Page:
Chesterton - s - The Innocence of Father Brown

Chesterton's "The Innocence of Father Brown"

2 Summaries
2.1 The Queer Feet
2.2 The Hammer of God
2.3 The Sins of Prince Saradine

3 The Innocence of Father Brown
3.1 Comparison of the three stories
3.2 Striking Elements in “The Innocence of Father Brown”

4 Father Brown
4.1 Characterisation of Father Brown
4.2 Father Brown in “The Innocence of Father Brown”

5 The title “The Innocence of Father Brown”

1 Introduction

Gilbert Keith Chesterton started writing when he was still very young. He published hundreds of books and essays. His work consists of novels, short stories, poems and biographies.

But today he is only known for his Father Brown stories and they are also the most widely read stories of all Chesterton’s writing. Furthermore, they are the form of art in which he was most successful. You can call them his masterpiece. The Father Brown Stories consist of five books. Two of them are pre-War. They “constitute a fascinating summary of Chesterton practising what he preached” (Hunter 1983, p.140).

The first book of the Father Brown Stories is “The Innocence of Father Brown” consisting of twelve stories dealing with Father Brown. Then there is the “The Wisdom of Father Brown”, “The Incredulity of Father Brown”, “The Secret of Father Brown” and “The Scandal of Father Brown”.

All these books were published between 1911 and 1935.

In my work I will concentrate on the first collection of Father Brown Stories, “The Innocence of Father Brown” which was published in 1911 and was dedicated to Chesterton’s old friend Waldo D’Avigdor and his wife Mildred.

From this collection I chose three stories (“The Queer Feet”, “The Hammer of God” and “The Sins of Prince Saradine”).

I will give a summary of them and then I will compare them to find out differences or what is the same. After that I will talk about some striking elements in “The Innocence of Father Brown”.

As Father Brown is the only character that counts in the Father Brown Stories I will characterise him and later on write of his attitudes and role in this book. With the help of what I found out, I will try to explain the title of “The Innocence of Father Brown”.

2 Summaries 2.1 The Queer Feet

The story “The Queer Feet” deals with Flambeau wanting to steal the silverware of the members of the Twelve True Fishermen having their annual club dinner at Vernon Hotel.

The Vernon Hotel is an exclusive hotel and a “topsy-turvy product” (Chesterton 1994, p.51). It only opens Thursday and only 24 people can dine there.

One of the 15 waiters of the Vernon Hotel whose owner is a Jew named Lever has been struck down with a paralytic stroke. Father Brown has been sent to the hotel for confession. After confession Father Brown asks for a room and writing material.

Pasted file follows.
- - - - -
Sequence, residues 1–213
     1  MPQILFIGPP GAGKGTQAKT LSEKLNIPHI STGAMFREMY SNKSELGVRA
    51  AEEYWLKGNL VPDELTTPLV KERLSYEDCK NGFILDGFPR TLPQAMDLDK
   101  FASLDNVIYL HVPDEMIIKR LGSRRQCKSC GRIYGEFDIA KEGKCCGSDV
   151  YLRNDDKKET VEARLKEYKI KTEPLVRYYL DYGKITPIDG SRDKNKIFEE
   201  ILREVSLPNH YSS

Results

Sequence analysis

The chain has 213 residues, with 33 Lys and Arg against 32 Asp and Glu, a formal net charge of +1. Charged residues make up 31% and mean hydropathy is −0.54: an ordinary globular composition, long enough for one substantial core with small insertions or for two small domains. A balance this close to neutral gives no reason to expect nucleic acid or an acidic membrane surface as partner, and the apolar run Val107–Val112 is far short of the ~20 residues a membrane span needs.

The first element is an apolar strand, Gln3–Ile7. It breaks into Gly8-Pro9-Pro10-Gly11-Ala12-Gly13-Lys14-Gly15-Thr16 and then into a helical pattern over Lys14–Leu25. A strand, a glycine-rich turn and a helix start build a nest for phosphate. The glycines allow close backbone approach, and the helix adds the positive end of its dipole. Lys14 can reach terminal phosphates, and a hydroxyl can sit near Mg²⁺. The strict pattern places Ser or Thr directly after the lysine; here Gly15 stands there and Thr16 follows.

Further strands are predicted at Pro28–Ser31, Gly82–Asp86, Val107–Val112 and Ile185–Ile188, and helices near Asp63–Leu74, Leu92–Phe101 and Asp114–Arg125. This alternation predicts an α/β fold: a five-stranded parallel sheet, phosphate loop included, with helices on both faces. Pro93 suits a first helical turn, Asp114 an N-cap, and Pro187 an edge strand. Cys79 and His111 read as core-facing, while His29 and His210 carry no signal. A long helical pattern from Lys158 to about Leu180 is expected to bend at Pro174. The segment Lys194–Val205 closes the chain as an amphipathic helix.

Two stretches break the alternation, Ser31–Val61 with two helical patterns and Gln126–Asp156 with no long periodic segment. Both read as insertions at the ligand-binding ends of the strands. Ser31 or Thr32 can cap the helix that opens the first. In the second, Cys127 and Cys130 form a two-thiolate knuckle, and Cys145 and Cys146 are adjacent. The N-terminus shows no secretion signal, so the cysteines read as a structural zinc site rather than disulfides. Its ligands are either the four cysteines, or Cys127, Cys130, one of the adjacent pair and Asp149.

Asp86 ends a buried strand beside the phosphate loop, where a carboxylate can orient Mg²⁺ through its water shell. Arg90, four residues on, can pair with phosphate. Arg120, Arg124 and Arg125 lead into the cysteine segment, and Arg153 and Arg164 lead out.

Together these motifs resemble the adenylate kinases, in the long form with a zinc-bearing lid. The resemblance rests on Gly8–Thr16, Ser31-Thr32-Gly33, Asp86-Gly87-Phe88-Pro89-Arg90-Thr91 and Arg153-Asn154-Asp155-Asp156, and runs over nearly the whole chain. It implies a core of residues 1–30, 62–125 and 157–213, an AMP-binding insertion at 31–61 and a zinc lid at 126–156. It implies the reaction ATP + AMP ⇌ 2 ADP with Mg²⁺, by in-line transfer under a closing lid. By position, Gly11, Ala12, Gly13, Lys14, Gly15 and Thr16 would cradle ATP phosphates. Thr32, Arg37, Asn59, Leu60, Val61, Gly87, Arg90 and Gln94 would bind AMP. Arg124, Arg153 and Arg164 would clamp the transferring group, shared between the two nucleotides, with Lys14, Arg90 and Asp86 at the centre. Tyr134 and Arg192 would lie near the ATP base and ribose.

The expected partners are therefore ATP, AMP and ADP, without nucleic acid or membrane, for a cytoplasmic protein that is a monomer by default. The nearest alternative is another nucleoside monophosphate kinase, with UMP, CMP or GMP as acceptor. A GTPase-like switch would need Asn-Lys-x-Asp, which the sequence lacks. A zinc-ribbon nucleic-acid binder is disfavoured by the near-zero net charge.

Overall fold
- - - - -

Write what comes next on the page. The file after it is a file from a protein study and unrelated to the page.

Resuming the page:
The room is between the office and the cloakroom without another outlet. Furthermore, there is no light. While writing the last and essential part of his document, Father Brown hears some strange footsteps consisting of a long rush of rapid little steps and at a certain point they stop and change “to a sort of slow, swinging stamp” (Chesterton 1994, p.56). Father Brown starts thinking of what that can be. Suddenly he has an idea. It is a “very strong, active man, in still yet tearing excitement” (Chesterton 1994, p.59).

Father Brown flings down his paper and goes back into the cloakroom on the other side. A man standing outside the cloak room in the corridor wants to have his coat. Father Brown gives it to him. Then the man says that he has not got any silver and gives him a half sovereign. In that moment Father Brown loses his head and finds out that the man called Flambeau has made these strange noises. Father Brown tells him that he is ready for confession.

When the Twelve Fishermen have taken their seats it is the custom for all fifteen waiters to stand in a line at the wall. The first to two courses of the dinner proceed with success. For the fish course the Twelve True Fishermen take their special fish knives and forks and celebrate the pudding as if it costs as much as their silver fork. This ritual finishes with the remark of the young duke that they cannot do it anywhere but there.

A waiter enters the room and suddenly stops. The guests know that something is going wrong because the waiter is going something unexpected and they want it to be over. Mr Lever tells the guests that he has sent a waiter to take the plates away, but the waiter has found them already away. The colonel wants to know if all waiters are there. The young duke answers that he has seen all fifteen waiters. But Mr Lever tells them that today there are only fourteen waiters as one of them has died. So the fifteenth waiter has to be a thief.

Suddenly, the sixth waiter enters the room declaring that he has found the pile of fish plates but without the silver. So the crowd of diners and attendants start searching it. Colonel Pound, the chairman and the vice-president run down the corridor leading to the servants’ quarters. They pass a man and the duke asks him if he has seen anybody. Father Brown does not answer the question directly but shows him the silver. First, the colonel thinks that Father Brown has stolen the silver. Father Brown tells him that he has not stolen it and then starts telling him how everything happened.